Ah, Christmas, when America gets to unwrap its beloved, politically incorrect present. When more and more things qualify as guilty pleasures, and involve more and more guilt, Jean Shepherd’s A Christmas Story does neither. Therein lie this movie’s unabashed beauty and our desire to welcome it back more heartily every year.
Only liberals could not love this movie — and undoubtedly do not — but no matter, it is now a classic and untouchable. A simple story, wonderfully and meticulously told, it follows nine-year old Ralph Parker’s tunnel-vision Christmas pursuit of a Red Ryder BB-gun. “Ralphie’s” memorized rapid-fire entreaties to Mom, teacher, and even Santa himself are met with the same patronizing retort: “You’ll shoot your eye out.”
Interspersed are subplots, each as rich and entertaining as the quest itself. Like the main plot, they are short stories from Shepherd’s collection about growing up in northern Indiana. Together, they make A Christmas Story folk art, a gorgeous patchwork quilt of Middle America Americana.
Made in 1983 and largely overlooked, this movie has since been replayed countless times — including for 20 years running nonstop for 24 hours during one day around Christmas.
Why have Americans come to make so much of seemingly so little?
The Depression? The movie’s setting offers no nostalgia for it. Few viewers now remember it and fewer still remember it fondly.
The childhood portrayed? It is hardly realistic — no one’s is so full. And much of it is cringe-inducing hard knocks. Our remotely similar episodes we would rather forget than relive.
Not even finally attaining the gun. Perhaps we too momentarily held the Holy Grail of our desire, but most of us can only take satisfaction from the quest not the conquest.
I venture America’s ever growing love affair with A Christmas Story springs from the movie’s increasing separation from political correctness. Shepherd himself would revel in this, as any perusal of his books confirms. However, we need look no further than the movie: All its elements are politically incorrect.
The title alone reveals it. Today, it would have to be A Holiday Story, in order to be inclusive.
The movie’s central subject is a gun. The very reason Ralphie wants the BB-gun is the danger it exudes. Even the author, narrating as an adult, still feels his adrenaline surge despite the years.
There is also the fight. Scut Farkas, the bully, and Ralphie do not “dialogue” or reason out their differences.
Of course, there is the notorious leg lamp. Symbolizing victory to his Old Man, (and bad taste to his mother), it is electric sex symbol to Ralphie.
Then there is the Chinese restaurant, where the waiters butcher Deck the Halls’ fa-la-la-la-las and then a duck at the table.
Do not forget Ralph getting a C+ on his theme. There is no grade inflation to soothe self-esteem issues in Warren G. Harding elementary school!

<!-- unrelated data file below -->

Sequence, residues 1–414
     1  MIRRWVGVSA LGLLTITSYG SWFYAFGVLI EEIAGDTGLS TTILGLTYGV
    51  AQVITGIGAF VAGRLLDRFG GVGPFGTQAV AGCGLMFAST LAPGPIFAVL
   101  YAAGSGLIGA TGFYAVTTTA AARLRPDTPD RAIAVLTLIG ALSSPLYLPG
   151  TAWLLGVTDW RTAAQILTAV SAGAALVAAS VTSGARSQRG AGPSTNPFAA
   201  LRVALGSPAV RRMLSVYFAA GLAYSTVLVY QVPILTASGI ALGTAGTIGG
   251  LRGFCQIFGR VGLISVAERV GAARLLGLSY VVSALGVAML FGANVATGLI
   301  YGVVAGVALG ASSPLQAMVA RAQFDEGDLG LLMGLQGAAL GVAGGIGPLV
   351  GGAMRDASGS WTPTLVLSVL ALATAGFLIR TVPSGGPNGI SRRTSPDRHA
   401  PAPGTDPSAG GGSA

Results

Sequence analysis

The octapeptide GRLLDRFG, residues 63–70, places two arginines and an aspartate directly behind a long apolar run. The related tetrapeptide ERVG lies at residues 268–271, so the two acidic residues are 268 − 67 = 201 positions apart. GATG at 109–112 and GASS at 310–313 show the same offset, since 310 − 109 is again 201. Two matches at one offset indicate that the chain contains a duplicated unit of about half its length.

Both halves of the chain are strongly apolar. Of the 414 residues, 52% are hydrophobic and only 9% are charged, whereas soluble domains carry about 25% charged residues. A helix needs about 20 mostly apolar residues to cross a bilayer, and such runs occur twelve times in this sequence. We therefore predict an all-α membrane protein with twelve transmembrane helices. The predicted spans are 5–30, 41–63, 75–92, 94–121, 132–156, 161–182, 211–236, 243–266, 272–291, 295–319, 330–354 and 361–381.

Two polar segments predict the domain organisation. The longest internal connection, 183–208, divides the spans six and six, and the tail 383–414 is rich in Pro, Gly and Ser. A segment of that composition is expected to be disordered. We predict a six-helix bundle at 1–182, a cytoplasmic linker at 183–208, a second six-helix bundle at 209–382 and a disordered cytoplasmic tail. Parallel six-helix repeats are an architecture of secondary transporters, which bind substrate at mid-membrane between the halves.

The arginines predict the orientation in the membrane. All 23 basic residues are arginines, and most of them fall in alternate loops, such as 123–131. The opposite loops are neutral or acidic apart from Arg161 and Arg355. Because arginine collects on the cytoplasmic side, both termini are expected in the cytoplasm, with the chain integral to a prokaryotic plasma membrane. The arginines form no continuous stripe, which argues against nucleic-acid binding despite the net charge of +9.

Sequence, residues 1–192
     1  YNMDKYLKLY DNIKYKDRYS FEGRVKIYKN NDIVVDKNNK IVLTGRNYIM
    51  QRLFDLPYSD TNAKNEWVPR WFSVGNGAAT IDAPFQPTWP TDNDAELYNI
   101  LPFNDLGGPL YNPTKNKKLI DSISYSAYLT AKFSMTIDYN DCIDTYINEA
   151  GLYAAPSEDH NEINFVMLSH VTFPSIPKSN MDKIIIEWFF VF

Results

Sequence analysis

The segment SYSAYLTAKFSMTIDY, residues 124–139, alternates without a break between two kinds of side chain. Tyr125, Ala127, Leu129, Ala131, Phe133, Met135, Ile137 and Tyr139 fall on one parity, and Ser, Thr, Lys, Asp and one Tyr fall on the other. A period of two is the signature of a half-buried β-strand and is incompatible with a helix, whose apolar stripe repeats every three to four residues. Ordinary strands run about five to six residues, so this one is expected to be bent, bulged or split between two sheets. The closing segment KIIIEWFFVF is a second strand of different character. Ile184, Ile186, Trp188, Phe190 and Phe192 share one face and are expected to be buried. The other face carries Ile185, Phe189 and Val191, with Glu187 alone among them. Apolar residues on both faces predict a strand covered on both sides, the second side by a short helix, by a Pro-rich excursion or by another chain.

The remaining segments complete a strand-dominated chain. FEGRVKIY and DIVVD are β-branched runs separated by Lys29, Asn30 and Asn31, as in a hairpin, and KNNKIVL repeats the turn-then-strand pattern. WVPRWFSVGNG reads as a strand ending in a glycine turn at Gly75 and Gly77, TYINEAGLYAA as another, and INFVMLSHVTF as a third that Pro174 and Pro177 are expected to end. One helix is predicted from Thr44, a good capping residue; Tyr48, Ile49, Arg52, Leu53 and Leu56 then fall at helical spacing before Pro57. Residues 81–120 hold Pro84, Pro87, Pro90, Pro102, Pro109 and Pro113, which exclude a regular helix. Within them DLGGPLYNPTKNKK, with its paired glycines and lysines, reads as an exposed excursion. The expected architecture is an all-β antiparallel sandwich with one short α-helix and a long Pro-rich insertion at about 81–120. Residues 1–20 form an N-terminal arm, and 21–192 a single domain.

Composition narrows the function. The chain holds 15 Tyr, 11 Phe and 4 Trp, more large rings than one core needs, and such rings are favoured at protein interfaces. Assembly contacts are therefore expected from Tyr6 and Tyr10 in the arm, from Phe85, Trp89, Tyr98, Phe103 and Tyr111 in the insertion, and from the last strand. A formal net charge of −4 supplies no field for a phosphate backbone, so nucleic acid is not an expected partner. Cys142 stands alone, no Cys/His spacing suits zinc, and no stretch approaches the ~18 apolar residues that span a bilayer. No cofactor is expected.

Finally, there is the family itself. They constantly bicker. To know you, would be to loathe you, if you took them at their words. And it goes well beyond words — the pinnacle being Ralphie sitting in the bathroom with a cake of Life Buoy soap in his mouth.
No, America does not love A Christmas Story in spite of its politically incorrect elements, because that is all there is. And this leads to the obvious conclusion: America adores this movie because of those elements. America’s infatuation only grows deeper as political correctness encroaches further.
Breaking out of the saccharine straitjacket of self-censorship, this movie sends today’s taboos crashing like a bull in a china shop. And America goes blithely along for the wonderfully liberating ride.
Political correctness and this movie are diametrical opposites. It is symbol versus substance. Political correctness is all symbol, continually creating new ones in order to overturn conventional substance. It is a contrivance — merely means to an end. When it uses humor in spite of itself, it always uses it in spite.
A Christmas Story is all about substance over symbol. No symbol is off limits for its skewering humor. However, it is all good-natured, which all the characters in the movie — and we in the audience — innately understand. Beneath its jesting rejection, it embraces the true substance.
There is nothing contrived here. Ralph cherishes his Old Man, who comes through despite being the one person never asked for the gun. The mother and father obviously love each other deeply, despite the leg lamp — and its “accidental destruction.”
Increasingly pressed on every side by political correctness, America increasingly looks for releases. None is better or more thorough than this movie. As the need for escape grows, so does America’s love for this little movie.
A Christmas Story has become to America what Ralphie’s BB-gun was to him. Told we are not supposed to want it, we want it all the more. Like Ralphie, we do not want it simply to be contrary, we simply want it.
Closing the movie, Shepherd, narrating as the adult Ralphie, says, “Next to me in the blackness lay my oiled blue steel beauty. The greatest Christmas gift I had ever received, or ever would receive.” America knows the feeling.